The Maid, however, did not worry, because just like the other two cabinets, the Left Cabinet seemed to resupply itself as it wished. The Man continued indulging in all of the delicious foods that the Maid brought to the table, and this newer cycle, again, continued on for many more years.
The Man seemed to take up a liking to the drinks called wine; the Maid was sure to bring him several bottles. He would demand more, and the Maid, of course, would deliver more during the next meal. As time went on, the Man’s body grew and grew, until it sat like an oversized lump on the sagging wooden chair. In addition, there was something in the foods and drinks that increased the Man’s intelligence: he began to understand where the foods came from and the world around him, and the House and the Kitchen and the big timer in front of him and the Other Room he sat in for eternity. He understood all of it now; he was aware of the four-hour wait for meals and the feeling of doom and helplessness of only having the ability to sit and pass time; he understood the worthlessness of such a life and it troubled him. He eased these nagging thoughts with the food, and, more importantly, the wine.
There was a meal when the Man demanded all of the wine that the Maid could find be brought to the table for him. The Maid, of course, obliged, for in her mind, he could have all the wine he wanted. She returned to the Kitchen and opened the Left Cabinet, reaching her arm into the deepest corners to pull out the last bottles of the best wines. Again, she returned to the Other Room with what she thought was enough to satisfy the Man. In turn, she was sent back for more. The Maid returned, showing her empty hands.
The Man responded angrily, but in his mind he understood. His table-poundings died down soon after the Maid quickly retreated to the Kitchen, but at the same time, the Man had an idea. He roared as loud as he could to get the Maid back in the Other Room. The Maid, terrified, tiptoed back.
In a historic moment for the House, the Man spoke: “Next meal in two hours. Got it?”
The Maid didn’t know how to respond. The Man never talked. It was quite a surprise to hear him speak. Second, and more importantly, it had always been four hours between meals. Always. In two hours, she didn’t know if the cabinets would resupply properly, or if—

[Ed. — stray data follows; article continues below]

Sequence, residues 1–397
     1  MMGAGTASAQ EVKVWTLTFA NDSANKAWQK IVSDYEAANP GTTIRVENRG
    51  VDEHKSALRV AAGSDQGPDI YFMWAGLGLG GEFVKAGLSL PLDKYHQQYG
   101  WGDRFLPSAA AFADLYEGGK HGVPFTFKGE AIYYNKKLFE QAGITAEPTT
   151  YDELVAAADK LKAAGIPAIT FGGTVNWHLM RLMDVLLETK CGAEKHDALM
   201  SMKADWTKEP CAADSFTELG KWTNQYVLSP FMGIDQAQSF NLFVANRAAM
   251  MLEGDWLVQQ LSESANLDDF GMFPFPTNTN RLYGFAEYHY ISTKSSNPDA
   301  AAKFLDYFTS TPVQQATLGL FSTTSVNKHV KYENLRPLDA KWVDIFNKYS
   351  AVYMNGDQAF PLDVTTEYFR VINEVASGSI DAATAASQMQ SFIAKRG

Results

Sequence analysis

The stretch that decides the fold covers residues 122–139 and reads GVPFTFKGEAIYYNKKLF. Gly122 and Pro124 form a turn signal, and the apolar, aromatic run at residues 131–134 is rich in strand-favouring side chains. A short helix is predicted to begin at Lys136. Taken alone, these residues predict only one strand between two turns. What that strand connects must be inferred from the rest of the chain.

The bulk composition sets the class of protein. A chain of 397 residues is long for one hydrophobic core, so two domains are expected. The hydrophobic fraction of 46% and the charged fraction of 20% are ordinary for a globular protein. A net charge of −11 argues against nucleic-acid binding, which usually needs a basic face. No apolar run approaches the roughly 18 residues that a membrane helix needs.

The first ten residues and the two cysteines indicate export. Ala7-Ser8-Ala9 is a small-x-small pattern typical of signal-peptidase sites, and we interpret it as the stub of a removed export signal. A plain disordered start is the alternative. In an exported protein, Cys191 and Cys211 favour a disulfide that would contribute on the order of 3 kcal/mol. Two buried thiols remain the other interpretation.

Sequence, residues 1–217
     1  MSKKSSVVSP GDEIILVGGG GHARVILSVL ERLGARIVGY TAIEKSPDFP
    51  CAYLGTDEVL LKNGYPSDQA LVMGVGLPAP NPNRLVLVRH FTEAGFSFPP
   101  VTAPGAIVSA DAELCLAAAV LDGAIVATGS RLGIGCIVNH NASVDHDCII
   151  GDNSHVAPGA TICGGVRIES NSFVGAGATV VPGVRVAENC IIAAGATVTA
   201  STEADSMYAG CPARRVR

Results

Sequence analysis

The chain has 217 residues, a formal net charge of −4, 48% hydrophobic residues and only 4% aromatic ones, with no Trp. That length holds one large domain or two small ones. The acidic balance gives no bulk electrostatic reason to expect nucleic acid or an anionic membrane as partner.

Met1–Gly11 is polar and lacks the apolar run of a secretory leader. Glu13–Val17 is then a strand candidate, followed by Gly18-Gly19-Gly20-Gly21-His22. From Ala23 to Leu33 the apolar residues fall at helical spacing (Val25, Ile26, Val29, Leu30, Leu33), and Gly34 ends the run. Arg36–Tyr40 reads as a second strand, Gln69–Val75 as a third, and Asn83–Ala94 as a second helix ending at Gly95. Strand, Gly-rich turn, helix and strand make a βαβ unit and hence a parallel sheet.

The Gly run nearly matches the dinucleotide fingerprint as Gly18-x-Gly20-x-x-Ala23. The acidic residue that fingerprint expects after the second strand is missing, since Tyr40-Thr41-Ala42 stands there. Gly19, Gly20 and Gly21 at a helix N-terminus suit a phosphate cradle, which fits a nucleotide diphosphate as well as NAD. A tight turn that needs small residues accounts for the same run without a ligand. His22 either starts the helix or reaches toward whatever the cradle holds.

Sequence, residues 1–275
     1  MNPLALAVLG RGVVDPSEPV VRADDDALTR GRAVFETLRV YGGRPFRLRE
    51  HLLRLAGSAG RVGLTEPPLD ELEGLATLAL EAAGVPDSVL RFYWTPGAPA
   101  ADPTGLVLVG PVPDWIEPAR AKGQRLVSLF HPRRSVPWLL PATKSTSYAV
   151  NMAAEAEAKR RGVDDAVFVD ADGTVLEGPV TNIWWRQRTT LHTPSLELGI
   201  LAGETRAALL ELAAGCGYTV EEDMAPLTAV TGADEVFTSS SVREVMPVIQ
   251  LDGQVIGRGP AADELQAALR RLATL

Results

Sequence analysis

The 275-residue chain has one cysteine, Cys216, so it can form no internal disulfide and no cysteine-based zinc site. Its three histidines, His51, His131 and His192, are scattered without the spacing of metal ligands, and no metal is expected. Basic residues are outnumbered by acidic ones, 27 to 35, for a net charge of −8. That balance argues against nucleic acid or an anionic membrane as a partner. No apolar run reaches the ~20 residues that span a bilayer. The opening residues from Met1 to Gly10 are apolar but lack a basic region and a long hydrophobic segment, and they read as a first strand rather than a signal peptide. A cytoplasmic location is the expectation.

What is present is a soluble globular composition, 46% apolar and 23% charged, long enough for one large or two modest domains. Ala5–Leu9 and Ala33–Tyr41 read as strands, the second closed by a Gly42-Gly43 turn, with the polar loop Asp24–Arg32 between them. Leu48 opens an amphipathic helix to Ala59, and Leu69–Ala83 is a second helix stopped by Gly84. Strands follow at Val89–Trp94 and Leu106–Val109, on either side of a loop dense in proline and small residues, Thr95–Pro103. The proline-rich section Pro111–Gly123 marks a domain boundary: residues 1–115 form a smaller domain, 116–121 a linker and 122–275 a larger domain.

“UNDERSTAND?!”
The Maid glanced at the giant clock on the wall ahead of the Man. Again, to her shock, the countdown read 2:00:00—the Man had gained the power to decrease the time between his meals anytime he wanted to. It must have been the foods—or was it? The Maid didn’t know. Her brain felt as if it were scrambled; so many things were changing so quickly, all out of her control. Resigned, the Maid nodded meekly.
Come next mealtime (two hours later), the wines had been restocked, but not entirely. Such few wine bottles did not satisfy the Man, who roared angrily. He knew, however, that he had no control over what appeared in the Left Cabinet. During the next two hours, the Man became more and more restless and agitated, for without the effects of the alcohol in the wine, he was beginning to realize, to the full extent, the emptiness in his existence. He needed the wine, else he would collapse internally.
So he decided to decrease the time between meals to one hour, and demanded that the Maid bring him all of the wine in the Left Cabinet, and only the wine. He didn’t care about the other foods. When the Maid tried to protest, she was shut down immediately.
For awhile, the clock reset itself to one hour every time, but then the Man reduced the waiting times to half an hour, then to a quarter of an hour, until the time came when he demanded wine minute after mere minute. The number of bottles and the amount in them dwindled down until the Maid could barely bring spoonfuls to the table. The Man, however, craved more and more.
Finally, and inevitably, there came a day when there was no wine at all in the Left Cabinet. The Maid could only shrug helplessly as the Man howled his disapproval. He refused to have any of the other delicacies in the Left Cabinet.
The House was silent the day the Man died of hunger.